Of Waugh's popular images of toddlers, these are very rare in depicting African Americans. Furthermore, they are not caricatural/racist, as most depictions of black children were at that time, made by artists like E. W. Kemble, A. B. Frost, and Thomas Worth. Instead, these are charming and humorous. As any cat owner knows, kittens can and will dig in their needle-sharp claws to climb up your body! The only related Waugh we found is in the Princeton University Art Museum, interestingly depicting two African American boys. Some of the illustrations in Waugh's books are of African Americans, although these are isolated examples.
Ida Waugh was the daughter of Samuel Bell Waugh and his first wife - Sarah Lendenhall. Samuel was a well-known Philadelphia portrait and genre artist who had pursued art study abroad and exhibited frequently in New York City and Philadelphia. Frederic, Ida's half-brother, became a well-known marine painter. Ida's step-mother Frederick's mother was Mary Eliza Young Waugh, a miniaturist. With a pedigree and family like that, it was little wonder Ida became an artist.
Ida was born in 1846 (not in 1819 as is commonly stated on the web). Her father was her first teacher. She was a student in the first "Ladies Life Class" at the Pennsylvania Academy of the Fine Arts in 1868 - a class also attended by Emily Sartain and Catherine Ann Drinker. This was an era when lady artists were often relegated to more lady-like subjects and painting men or models that were unclothed was frowned upon. This class would lead to a virtual revolution in the art world that opened-up life classes to women artists in America. The classes were still, however, restricted to "ladies" classes and often clothed models. It was a time that the art world was only beginning to accept that women were entering the profession and not simply dabbling in the arts until marriage. Waugh later travelled abroad, studying art at the Academy Julian and the Academy Delecluse in Paris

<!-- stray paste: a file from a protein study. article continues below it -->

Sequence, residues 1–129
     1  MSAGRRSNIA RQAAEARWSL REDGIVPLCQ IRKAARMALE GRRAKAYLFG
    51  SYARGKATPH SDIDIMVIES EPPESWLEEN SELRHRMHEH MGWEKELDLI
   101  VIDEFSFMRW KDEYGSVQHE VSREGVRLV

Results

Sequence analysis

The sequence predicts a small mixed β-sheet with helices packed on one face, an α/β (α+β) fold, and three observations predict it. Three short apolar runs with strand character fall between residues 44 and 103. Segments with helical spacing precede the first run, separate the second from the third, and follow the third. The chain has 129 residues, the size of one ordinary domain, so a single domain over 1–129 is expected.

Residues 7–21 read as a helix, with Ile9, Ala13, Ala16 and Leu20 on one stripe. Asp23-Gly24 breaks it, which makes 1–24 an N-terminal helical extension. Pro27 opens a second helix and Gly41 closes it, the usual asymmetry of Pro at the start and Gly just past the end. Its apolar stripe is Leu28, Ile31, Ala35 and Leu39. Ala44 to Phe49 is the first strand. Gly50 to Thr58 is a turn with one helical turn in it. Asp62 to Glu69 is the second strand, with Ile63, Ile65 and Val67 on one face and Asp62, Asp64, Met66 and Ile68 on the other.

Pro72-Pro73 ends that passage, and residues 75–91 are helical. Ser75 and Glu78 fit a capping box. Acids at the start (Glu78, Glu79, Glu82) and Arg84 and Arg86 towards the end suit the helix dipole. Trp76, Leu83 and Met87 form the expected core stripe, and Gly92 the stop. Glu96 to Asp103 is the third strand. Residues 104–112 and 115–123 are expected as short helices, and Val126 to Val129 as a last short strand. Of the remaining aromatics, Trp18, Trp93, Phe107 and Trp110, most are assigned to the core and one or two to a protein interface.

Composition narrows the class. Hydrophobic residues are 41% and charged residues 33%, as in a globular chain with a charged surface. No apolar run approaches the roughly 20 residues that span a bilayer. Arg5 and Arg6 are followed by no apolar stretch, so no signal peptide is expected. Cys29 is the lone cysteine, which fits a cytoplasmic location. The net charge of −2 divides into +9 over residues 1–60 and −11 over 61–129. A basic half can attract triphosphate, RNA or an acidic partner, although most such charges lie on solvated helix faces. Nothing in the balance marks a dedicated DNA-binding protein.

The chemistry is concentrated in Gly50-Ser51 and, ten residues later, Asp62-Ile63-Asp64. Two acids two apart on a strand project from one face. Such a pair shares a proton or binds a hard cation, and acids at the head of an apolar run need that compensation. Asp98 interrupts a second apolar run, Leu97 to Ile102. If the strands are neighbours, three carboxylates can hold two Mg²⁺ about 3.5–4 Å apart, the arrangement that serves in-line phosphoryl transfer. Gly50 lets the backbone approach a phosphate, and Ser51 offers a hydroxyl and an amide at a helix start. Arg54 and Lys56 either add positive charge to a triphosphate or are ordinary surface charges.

While still living at home with her parents, Waugh first met Amy Blanchard. Amy was hired to be young Frederick Waugh's tutor. Ida and Amy would become fast friends. They would work together, play together, live together and in the end, were only separated by Ida's death in 1919. Along the way Ida and Amy published a small library of children's books. Amy often wrote the text and Ida provided the wonderful illustrations. Ida also published several of her own books, featuring sweet-faced infants and children often with little else in the illustration. Though she would never marry or have children, she could capture the look of pure love that often passes between mothers and their children perfectly. She would also include flowers and a few animal drawings to further adorn the pages.
Ida Waugh was not only an illustrator of children's books, but she was also an award-winning painter. Her most famous work, Hagar, and Ishmael, was shown in the French Salon in 1888. Her portrait of Dr. Paul J. Sartain won the 1896 Norman W. Dodge prize at the National Academy of Design and was also exhibited in the 1901 Pan American Exposition. Her work was also exhibited in Philadelphia (Pennsylvania Academy of the Fine Arts), Cincinnati, Chicago (Art Institute) and New York (National Academy of Design).
Louis Prang, who published greeting cards, held an annual contest and Ida Waugh was listed among the winners. In the late 1890s, several her illustrations from When Mother Was a Little Girl were made into chromolithographic postcards, which are highly collectible today. She was also employed by the New York publishing firm McLoughlin Brothers.
Measurement: Frame: 18.75" x 20.75"; view: 8.75" x 10.75"
Material: Oil on board, period frames possibly original
Condition: Very good